The drug's labeling warns that dual administration of Tegretol and lithium may increase the risk of neurotoxic side effects.
The drug contains a black box warning about risk of agranulocytosis (affecting white blood cells), but that risk is extremely remote.
Lamictal: Contains a black box warning about risk of serious rash, found in .08 percent of adults receiving Lamictal as initial therapy for bipolar. The risk of rash is greater in children and adolescents, and is only approved for this group in treating a certain form of epilepsy. The labeling recommends that the drug be discontinued at the first sign of rash and not be restarted unless the potential benefits clearly outweigh the risks.
Owing to risk of serious rash, GSK recommends gradual increases to a full dose over a six-week period, starting at 25 mg/day for the first two weeks and building up to 200 mg/day for week six. If also on Depakote, GSK recommends starting at 25 mg every other day for the first week and building to 100 mg/day for week six.
Mood Stabilizers and Pregnancy
No decision is risk-free. Please consult with both your psychiatrist and personal physician. The following is a general guideline, drawn from a number of expert sources, and should not be construed as medical advice:
The mood stabilizers fall into the FDA Categories C and D for safety during pregnancy. In Category C, either no adequate animal studies have been conducted or risk has been shown in animal studies with inadequate human data. In Category D, evidence of human fetal risk exists but benefits may outweigh risks in certain situations.
Planned pregnancy is the safest option, with tapering and discontinuing mood stabilizers prior to conceiving. Stopping mood stabilizers on discovering one is pregnant (say after five weeks) may be too late, as one is well into the teratogenic (birth defects) phase by this time. Going back on a mood stabilizer is recommended for the second and third trimesters.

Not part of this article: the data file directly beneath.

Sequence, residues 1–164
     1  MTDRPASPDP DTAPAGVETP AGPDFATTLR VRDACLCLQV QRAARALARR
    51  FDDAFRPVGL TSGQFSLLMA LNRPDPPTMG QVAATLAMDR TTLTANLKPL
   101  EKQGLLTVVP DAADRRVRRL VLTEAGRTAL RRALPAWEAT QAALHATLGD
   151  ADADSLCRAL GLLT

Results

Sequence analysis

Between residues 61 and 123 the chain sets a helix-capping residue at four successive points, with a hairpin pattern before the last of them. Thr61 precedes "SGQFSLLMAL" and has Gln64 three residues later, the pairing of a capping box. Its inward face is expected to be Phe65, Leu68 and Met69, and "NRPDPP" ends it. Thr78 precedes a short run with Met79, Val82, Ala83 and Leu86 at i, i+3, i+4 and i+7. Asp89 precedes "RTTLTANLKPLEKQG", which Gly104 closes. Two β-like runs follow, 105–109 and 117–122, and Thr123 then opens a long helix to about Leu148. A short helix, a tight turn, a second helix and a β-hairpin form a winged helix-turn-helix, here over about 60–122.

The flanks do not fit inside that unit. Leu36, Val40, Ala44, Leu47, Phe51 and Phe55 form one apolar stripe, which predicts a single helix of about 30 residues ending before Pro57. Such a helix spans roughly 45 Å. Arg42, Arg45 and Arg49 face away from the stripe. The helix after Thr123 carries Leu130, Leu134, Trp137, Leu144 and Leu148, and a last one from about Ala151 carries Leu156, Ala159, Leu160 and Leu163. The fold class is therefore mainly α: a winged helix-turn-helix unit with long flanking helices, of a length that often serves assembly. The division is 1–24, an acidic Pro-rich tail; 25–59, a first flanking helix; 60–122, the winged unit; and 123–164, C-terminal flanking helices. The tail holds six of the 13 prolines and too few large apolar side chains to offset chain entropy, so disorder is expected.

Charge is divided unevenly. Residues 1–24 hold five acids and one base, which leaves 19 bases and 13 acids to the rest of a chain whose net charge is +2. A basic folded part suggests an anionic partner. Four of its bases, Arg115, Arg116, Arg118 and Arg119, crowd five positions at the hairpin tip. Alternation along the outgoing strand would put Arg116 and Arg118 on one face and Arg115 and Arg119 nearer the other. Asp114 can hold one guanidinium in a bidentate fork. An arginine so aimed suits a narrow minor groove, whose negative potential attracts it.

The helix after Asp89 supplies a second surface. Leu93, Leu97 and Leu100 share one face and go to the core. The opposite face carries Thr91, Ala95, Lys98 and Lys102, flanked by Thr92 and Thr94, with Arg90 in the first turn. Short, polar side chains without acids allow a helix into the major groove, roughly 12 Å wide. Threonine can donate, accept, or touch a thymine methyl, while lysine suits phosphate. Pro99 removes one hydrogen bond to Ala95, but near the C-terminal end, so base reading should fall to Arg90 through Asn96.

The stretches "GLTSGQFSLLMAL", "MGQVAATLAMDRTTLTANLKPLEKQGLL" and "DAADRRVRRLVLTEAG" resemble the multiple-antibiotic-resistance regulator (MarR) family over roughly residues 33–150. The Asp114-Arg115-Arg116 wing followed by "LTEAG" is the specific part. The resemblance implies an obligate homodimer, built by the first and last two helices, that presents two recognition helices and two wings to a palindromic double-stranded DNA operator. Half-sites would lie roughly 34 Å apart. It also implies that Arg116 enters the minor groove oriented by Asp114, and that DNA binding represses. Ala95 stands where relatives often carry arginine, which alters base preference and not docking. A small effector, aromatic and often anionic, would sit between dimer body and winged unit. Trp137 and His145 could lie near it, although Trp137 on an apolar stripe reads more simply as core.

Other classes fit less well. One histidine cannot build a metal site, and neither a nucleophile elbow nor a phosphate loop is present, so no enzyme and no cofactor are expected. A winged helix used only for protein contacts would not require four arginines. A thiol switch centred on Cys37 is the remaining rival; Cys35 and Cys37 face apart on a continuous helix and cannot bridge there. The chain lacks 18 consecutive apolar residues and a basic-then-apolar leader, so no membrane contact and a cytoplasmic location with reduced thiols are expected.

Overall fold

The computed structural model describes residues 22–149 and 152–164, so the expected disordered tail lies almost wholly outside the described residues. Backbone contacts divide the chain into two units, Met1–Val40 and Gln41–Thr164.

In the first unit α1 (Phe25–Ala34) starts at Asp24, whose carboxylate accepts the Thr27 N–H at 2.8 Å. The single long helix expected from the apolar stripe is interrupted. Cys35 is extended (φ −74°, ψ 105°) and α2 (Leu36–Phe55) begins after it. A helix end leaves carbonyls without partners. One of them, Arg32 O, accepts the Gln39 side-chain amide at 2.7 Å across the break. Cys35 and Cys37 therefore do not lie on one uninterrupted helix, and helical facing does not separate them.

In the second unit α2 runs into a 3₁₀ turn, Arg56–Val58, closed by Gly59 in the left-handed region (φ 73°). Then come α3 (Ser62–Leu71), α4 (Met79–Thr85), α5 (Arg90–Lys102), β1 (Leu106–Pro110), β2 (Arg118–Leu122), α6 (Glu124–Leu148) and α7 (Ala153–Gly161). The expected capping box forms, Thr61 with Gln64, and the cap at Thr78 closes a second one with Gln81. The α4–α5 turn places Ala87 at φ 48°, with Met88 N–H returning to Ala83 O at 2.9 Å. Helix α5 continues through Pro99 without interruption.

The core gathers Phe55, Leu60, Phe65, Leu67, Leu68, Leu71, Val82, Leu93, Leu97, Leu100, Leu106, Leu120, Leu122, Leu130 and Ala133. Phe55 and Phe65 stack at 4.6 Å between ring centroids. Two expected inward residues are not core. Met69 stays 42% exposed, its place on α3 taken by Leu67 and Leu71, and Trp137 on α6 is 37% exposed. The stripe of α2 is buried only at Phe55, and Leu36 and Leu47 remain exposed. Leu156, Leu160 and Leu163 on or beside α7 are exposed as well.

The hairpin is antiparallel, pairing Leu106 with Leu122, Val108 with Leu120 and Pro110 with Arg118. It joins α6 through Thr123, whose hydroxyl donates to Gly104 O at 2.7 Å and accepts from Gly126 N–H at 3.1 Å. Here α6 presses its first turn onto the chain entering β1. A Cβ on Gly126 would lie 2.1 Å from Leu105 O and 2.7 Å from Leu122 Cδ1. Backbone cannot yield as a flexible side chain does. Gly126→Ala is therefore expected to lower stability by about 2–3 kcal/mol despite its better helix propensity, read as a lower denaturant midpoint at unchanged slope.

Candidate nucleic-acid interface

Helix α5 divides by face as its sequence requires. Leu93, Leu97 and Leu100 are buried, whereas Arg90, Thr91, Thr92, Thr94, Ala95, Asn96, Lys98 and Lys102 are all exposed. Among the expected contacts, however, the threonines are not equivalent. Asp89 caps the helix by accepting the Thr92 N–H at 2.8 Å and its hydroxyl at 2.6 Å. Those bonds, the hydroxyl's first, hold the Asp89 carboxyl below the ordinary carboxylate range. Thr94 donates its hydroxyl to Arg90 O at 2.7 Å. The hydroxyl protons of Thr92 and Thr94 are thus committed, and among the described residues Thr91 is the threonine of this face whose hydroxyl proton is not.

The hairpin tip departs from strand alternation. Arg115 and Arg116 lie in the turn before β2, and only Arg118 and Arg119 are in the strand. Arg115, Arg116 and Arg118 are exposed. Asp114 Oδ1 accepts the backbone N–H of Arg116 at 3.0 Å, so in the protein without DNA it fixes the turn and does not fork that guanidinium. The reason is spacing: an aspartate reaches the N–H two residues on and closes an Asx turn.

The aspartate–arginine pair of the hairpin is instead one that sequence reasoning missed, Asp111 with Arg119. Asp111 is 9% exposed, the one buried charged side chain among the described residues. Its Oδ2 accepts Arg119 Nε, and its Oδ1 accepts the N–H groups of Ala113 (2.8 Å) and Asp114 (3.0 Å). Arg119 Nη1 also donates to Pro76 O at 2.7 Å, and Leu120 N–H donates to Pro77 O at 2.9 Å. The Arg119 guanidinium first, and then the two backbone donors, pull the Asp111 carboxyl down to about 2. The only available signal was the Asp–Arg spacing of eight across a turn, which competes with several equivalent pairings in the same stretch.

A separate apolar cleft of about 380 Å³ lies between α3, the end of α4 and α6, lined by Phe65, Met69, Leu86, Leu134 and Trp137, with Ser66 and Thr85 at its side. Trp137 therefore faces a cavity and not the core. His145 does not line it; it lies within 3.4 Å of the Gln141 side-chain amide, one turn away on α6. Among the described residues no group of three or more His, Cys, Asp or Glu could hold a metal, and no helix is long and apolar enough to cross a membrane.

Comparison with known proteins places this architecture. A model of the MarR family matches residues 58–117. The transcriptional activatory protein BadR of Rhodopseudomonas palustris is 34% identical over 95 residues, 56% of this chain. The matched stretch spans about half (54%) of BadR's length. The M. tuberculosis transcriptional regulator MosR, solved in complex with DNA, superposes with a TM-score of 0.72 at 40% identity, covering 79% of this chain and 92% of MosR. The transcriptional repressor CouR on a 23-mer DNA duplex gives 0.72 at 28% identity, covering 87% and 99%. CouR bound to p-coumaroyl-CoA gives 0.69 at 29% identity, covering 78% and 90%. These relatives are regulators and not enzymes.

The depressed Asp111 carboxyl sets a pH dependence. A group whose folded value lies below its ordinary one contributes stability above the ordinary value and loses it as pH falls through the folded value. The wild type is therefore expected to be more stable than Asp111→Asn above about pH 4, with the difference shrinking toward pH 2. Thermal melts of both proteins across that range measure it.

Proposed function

Being stabilized prior to giving birth is critical, as the risk for postpartum relapse for bipolar patients who are ill during pregnancy is nearly 70 percent, according to a 1998 Harvard study, as opposed to 27.8 percent for those who stay well during pregnancy.
Lithium: The risk of fetal heart defects, especially Ebstein's anomaly, is .05 percent in the first trimester, 10 to 20 times that of the general population. Should be avoided by breastfeeding mothers. Category C.
Depakote: There is a three to five percent risk of fetal spina bifida in the first trimester, and an unspecified risk of heart defects and behavioral abnormalities. Four grams of folate is recommended (one gram if not on Depakote). Generally safe for breastfeeding, but monitoring of infant serum concentrations is advisable. Category D.
Tegretol and Trileptal: During the first trimester of pregnancy, there is a one to two percent risk of fetal spina bifida in the first trimester, and more than double the risk of major congenital anomalies. Considered safe for breastfeeding. Category D.